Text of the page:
Watch CBS News

Exhibit Shines Light On Difficult Journey Through NYC Shelter System For Those Experiencing Homelessness

NEW YORK (CBSNewYork) -- Nearly one in 100 people in New York City is currently experiencing homelessness.

Many of us have no idea what it's like trying to navigate the shelter system in the search for permanent housing.

CBS2's Jessica Moore spoke to Shamaya Morris, a woman who has been through it all and has advice on how to improve what she calls a failing system.

"It's been me plenty of times and I can say you do not want it to be you," Morris said.

She knows the desperate cycle of homelessness in New York City all too well.

"I feel so heartbroken because you're in a situation where you need the services, you know the workers are overworked, you know how hard and difficult it's gonna be... It's your only option," she said.

Morris's most recent bout with homelessness came after Hurricane Ida destroyed her apartment, leaving her and her four kids without a house.

"Now we're literally at my uncle's house sleeping on couches and a cot in his living room. I'd rather be there than go back through the shelter," Morris said.

An exhibit called "The Way Home" outside Brooklyn Borough Hall is designed to educate the public on the taxing journey to find housing. (Credit: CBS2)

Together, Morris and Moore walked through an exhibit called "The Way Home" outside Brooklyn Borough Hall. It's designed to educate the public on the taxing journey to find housing.

"As you can see, it looks like a Chutes and Ladders game. This is what going through the shelter is like. You know, there are so many factors that would keep you out of your house, out of your home, once you've been found eligible. They don't get their payment in time to the landlord. There's something that came up at the end," Morris said.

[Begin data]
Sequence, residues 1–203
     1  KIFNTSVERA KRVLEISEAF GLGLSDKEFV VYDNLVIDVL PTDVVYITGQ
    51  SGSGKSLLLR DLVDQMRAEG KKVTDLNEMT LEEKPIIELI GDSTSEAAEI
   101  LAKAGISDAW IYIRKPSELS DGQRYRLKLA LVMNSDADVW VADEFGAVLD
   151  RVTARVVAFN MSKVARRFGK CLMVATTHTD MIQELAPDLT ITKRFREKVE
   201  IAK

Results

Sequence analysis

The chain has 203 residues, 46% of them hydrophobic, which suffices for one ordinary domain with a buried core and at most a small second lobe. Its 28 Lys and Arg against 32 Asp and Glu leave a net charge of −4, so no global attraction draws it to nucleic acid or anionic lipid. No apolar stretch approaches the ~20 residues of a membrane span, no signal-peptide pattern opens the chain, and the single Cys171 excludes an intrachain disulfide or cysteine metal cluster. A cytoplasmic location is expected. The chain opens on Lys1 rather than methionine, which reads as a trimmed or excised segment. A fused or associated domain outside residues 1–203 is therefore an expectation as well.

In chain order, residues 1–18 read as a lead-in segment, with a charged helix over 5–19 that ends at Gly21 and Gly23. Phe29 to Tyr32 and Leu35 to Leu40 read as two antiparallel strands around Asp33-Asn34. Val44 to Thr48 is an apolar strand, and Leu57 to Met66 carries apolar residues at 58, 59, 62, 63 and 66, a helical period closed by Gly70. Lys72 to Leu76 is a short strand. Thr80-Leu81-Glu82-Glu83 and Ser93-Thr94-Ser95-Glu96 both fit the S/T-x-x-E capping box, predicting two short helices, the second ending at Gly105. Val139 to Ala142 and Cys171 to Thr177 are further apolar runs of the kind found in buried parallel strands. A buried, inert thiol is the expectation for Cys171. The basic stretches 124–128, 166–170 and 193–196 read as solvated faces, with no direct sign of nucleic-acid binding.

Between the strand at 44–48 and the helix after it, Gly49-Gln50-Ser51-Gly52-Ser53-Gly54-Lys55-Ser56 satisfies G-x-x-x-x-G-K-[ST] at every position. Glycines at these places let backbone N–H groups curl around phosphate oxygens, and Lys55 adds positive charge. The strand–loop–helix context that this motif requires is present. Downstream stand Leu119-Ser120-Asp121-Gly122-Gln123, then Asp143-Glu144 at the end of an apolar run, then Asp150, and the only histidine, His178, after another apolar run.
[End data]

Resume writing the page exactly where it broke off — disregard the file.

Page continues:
The Department of Homeless Services says people can expect to spend 90 days to a year in a shelter while they apply for affordable housing, but city data shows the average person spends 520 days there, trying to find a home.

"It's a constant cycle of being on edge because you never know what to expect," Morris said.

"All while trying to maintain some sense of normalcy for these little kids?" Moore said.

"Normalcy is out the window. There's no such thing as normal anymore," Morris said.

The city spends nearly $3 billion a year on homeless services, almost $2 billion of which is allocated to shelters.

"We could use the same amount of money to keep people housed. We could use it to prevent evictions from happening by supporting Right to Counsel, which provides free attorneys to New Yorkers who are at risk of eviction. We could use it to provide rental assistance to get people into homes. We really think this is solvable," said Chloe Sarnoff, with the Robin Hood Foundation.

Incoming mayor Eric Adams has promised to address the city's homeless crisis, including turning empty hotels into permanent affordable housing.

The prescription home exhibit is back this weekend at Astor Place Plaza. It's free and open to the public. Click here for more information.

View CBS News In
CBS News App Open
Chrome Safari Continue
Be the first to know
Get browser notifications for breaking news, live events, and exclusive reporting.